19 F3d 1437 United States of America v. Leinen

19 F.3d 1437

Robert Todd LEINEN, Appellant.

No. 93-2692.

United States Court of Appeals,
Eighth Circuit.

Submitted: March 9, 1994.
Filed: March 16, 1994.

NOTICE: Eighth Circuit Rule 28A(k) governs citation of unpublished opinions and provides that no party may cite an opinion not intended for publication unless the cases are related by identity between the parties or the causes of action.

Before BOWMAN, LOKEN, and HANSEN, Circuit Judges.


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Robert Todd Leinen appeals his 40-month sentence imposed by the District Court1 after he pleaded guilty to transporting stolen money. We affirm.


Leinen pleaded guilty to an information charging him with transporting a fraudulently-obtained check in interstate commerce after having devised a scheme to obtain money by false pretenses, in violation of 18 U.S.C. Sec. 2314 (1988 & Supp. IV 1992). At sentencing, the District Court calculated Leinen's sentencing range as 37 to 46 months imprisonment under the United States Sentencing Commission, Guidelines Manual (Nov. 1992). The government advised the court that Leinen had provided the FBI with information concerning his fraudulent telemarketing scheme and other such operations. The government explained that it had agreed to advise the court of any cooperation Leinen might provide, and that it was not making-and had never agreed to make-a substantial-assistance motion under U.S.S.G. Sec. 5K1.1, p.s. Leinen argued that the court nevertheless should reduce his offense level because he had substantially assisted authorities. The court refused to depart downward and sentenced Leinen to 40 months imprisonment and two years supervised release; it also imposed a $5,000 fine and ordered him to pay restitution.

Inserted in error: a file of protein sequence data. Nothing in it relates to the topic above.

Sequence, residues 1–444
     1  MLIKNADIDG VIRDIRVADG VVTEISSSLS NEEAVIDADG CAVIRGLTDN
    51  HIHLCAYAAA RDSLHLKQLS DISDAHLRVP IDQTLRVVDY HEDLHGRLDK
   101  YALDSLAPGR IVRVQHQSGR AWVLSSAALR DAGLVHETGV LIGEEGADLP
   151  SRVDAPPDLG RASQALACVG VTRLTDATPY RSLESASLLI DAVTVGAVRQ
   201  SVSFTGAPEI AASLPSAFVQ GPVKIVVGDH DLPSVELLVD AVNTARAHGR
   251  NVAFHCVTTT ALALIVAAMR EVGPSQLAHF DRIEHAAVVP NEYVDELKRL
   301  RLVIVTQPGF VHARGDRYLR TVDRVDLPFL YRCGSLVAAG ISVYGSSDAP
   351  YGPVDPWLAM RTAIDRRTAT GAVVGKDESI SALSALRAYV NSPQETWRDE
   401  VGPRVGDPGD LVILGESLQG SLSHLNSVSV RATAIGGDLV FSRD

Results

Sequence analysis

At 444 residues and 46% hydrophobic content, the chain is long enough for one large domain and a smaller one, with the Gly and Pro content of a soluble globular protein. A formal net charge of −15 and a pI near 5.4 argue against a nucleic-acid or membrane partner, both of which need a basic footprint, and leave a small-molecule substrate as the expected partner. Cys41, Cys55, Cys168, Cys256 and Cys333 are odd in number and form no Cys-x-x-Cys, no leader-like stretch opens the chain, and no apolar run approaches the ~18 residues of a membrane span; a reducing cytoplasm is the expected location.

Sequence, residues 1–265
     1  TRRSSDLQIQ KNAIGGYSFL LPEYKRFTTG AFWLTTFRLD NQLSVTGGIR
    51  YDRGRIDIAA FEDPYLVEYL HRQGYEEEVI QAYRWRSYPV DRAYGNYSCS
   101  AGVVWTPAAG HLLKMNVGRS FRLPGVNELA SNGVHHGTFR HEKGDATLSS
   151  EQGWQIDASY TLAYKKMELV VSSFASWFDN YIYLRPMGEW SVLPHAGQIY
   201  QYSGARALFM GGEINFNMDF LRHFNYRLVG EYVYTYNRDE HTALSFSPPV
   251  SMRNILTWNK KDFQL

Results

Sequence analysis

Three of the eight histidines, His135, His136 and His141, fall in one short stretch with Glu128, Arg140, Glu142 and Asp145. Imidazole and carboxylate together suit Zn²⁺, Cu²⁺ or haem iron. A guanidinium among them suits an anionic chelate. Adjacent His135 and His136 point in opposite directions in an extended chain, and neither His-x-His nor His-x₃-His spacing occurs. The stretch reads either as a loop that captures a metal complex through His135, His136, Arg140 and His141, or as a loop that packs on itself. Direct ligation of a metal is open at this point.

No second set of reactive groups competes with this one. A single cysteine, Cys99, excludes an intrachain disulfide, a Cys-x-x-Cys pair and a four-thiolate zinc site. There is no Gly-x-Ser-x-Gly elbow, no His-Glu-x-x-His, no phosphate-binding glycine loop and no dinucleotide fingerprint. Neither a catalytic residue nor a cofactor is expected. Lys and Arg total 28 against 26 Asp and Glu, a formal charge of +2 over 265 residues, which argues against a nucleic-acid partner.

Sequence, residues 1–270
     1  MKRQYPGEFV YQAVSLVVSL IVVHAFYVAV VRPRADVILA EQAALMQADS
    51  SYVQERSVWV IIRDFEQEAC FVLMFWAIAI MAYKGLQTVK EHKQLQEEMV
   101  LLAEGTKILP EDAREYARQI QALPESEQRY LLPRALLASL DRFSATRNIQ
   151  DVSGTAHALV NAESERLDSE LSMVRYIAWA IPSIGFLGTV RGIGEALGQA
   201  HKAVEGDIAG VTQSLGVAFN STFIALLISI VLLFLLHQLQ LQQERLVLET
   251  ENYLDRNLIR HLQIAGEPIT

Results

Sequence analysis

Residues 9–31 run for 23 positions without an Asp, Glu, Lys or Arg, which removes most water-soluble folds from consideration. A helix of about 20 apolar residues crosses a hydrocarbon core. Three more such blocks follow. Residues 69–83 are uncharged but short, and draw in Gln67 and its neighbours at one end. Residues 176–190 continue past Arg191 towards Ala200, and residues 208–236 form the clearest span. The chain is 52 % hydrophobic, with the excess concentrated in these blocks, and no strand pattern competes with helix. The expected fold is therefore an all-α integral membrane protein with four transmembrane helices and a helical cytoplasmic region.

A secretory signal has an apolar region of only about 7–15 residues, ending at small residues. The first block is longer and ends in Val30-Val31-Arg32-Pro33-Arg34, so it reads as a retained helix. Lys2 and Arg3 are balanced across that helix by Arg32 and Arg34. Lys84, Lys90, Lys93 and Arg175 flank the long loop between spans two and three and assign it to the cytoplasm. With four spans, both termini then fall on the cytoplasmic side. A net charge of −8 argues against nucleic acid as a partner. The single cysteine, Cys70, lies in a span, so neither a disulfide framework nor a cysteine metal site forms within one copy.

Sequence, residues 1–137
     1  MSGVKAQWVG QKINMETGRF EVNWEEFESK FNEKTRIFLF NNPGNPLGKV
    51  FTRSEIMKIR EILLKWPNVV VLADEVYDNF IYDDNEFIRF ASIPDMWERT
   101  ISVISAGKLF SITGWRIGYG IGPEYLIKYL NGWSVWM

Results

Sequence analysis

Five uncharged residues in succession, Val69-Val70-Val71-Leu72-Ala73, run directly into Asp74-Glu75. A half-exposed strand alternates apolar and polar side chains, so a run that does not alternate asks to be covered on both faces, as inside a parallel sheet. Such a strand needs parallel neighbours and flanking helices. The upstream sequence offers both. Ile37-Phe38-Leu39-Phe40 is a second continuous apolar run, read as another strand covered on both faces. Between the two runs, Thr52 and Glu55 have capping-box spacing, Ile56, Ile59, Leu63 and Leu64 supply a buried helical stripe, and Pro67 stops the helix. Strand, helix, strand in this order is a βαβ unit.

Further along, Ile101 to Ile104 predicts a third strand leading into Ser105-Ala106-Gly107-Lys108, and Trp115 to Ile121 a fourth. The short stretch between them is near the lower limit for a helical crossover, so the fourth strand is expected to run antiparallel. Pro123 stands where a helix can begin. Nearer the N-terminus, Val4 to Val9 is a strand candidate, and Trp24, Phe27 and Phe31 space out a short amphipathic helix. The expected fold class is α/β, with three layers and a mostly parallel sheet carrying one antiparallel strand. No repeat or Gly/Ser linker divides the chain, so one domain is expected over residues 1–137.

Leinen argues that the government's statements at sentencing regarding his cooperation with the FBI amounted to a section 5K1.1 motion to depart from the Guidelines. He argues alternatively that the government acted in bad faith by refusing to make a formal section 5K1.1 motion.


We do not construe the government's remarks at Leinen's sentencing as an "oral motion to depart." Because the government refused to file a substantial-assistance motion, the District Court correctly concluded that it could not depart based on Leinen's alleged substantial assistance. See United States v. Kelley, 956 F.2d 748, 755-57 (8th Cir. 1992) (en banc). A district court may review and grant a remedy for a prosecutor's refusal to file a substantial-assistance motion if it finds that the prosecutor's refusal was based on an unconstitutional motive, such as the defendant's race or religion. Wade v. United States, 112 S. Ct. 1840, 1843-44 (1992). Leinen's claim of "bad faith," however, does not sufficiently allege-much less tend to prove-that the government refused to file a motion in his case based on a suspect motive. See id. at 1844 (prosecutor's discretionary decision may be challenged only if defendant makes substantial threshold showing of prosecutorial discrimination or irrational conduct).


Accordingly, the judgment of the District Court is affirmed.


The Honorable Stephen M. Reasoner, Chief Judge, United States District Court for the Eastern District of Arkansas